With broadband internet connections so prevalent around the world, it’s easy for web designers and developers to get a little bit lazy when it comes to optimizing the pages they create or that their applications generate.

After all, a broadband connection is usually pretty forgiving and can even render certain best practices and good habits entirely unnecessary.

But that doesn’t mean that pages shouldn’t be optimized. Not everybody has broadband, and some bad habits can cause poor performance on the client end, even on the most modern of machines.

Yesterday, Google released Page Speed, a Firefox add-on that works in tandem with the already-popular Firebug Firefox add-on. Page Speed, quite simply, is the ultimate tool for measuring how well optimized your pages are and where there’s room for improvement.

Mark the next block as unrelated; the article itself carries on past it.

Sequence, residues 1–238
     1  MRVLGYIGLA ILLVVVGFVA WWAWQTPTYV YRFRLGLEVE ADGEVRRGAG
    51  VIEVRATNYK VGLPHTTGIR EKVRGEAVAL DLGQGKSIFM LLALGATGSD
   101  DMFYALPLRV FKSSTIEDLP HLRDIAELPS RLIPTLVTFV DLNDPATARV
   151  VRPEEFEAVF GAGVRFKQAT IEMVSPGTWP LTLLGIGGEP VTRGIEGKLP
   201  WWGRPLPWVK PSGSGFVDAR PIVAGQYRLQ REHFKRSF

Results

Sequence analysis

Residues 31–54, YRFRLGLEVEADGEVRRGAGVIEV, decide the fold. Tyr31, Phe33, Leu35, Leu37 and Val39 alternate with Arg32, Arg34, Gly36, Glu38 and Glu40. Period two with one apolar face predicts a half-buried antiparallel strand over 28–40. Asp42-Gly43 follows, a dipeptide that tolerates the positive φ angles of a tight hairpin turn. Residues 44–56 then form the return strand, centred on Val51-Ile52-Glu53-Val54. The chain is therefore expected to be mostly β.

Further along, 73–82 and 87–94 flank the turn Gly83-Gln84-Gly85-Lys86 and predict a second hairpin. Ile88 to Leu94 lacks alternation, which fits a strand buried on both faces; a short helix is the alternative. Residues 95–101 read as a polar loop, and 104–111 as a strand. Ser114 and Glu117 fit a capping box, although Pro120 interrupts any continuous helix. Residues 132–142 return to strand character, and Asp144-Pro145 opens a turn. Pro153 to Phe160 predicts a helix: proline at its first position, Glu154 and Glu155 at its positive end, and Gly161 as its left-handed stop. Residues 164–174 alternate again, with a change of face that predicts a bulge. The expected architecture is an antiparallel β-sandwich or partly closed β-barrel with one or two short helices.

To use Page Speed, you’ll need to be using Firefox with the Firebug add-on installed. After that, downloading and installing Page Speed is quick and easy.

Once installed, Page Speed adds a couple of tabs to the Firebug console.

The first tab, Page Speed, allows you to run a performance analysis. The subsequent summary tells you the good, the bad and the ugly and provides you with some suggestions on what you could improve on in an easy-to-analyze fashion. Even better: it provides specific advice, as you can see below.

The second tab, Page Speed Activity, lets you monitor in real time page activities. A visual timeline of events, such as DNS requests and cache hits, is then displayed. Although this is a little bit hard to read at first, it can provide some valuable data that lets you profile your pages.

For those who are interested in the details, Google offers a Web Performance Best Practices guide that explains how and why Page Speed makes certain recommendations and there’s Page Speed documentation handy as well.

All in all, Page Speed looks like a very useful little tool that should have a place in the toolkit of every designer and developer.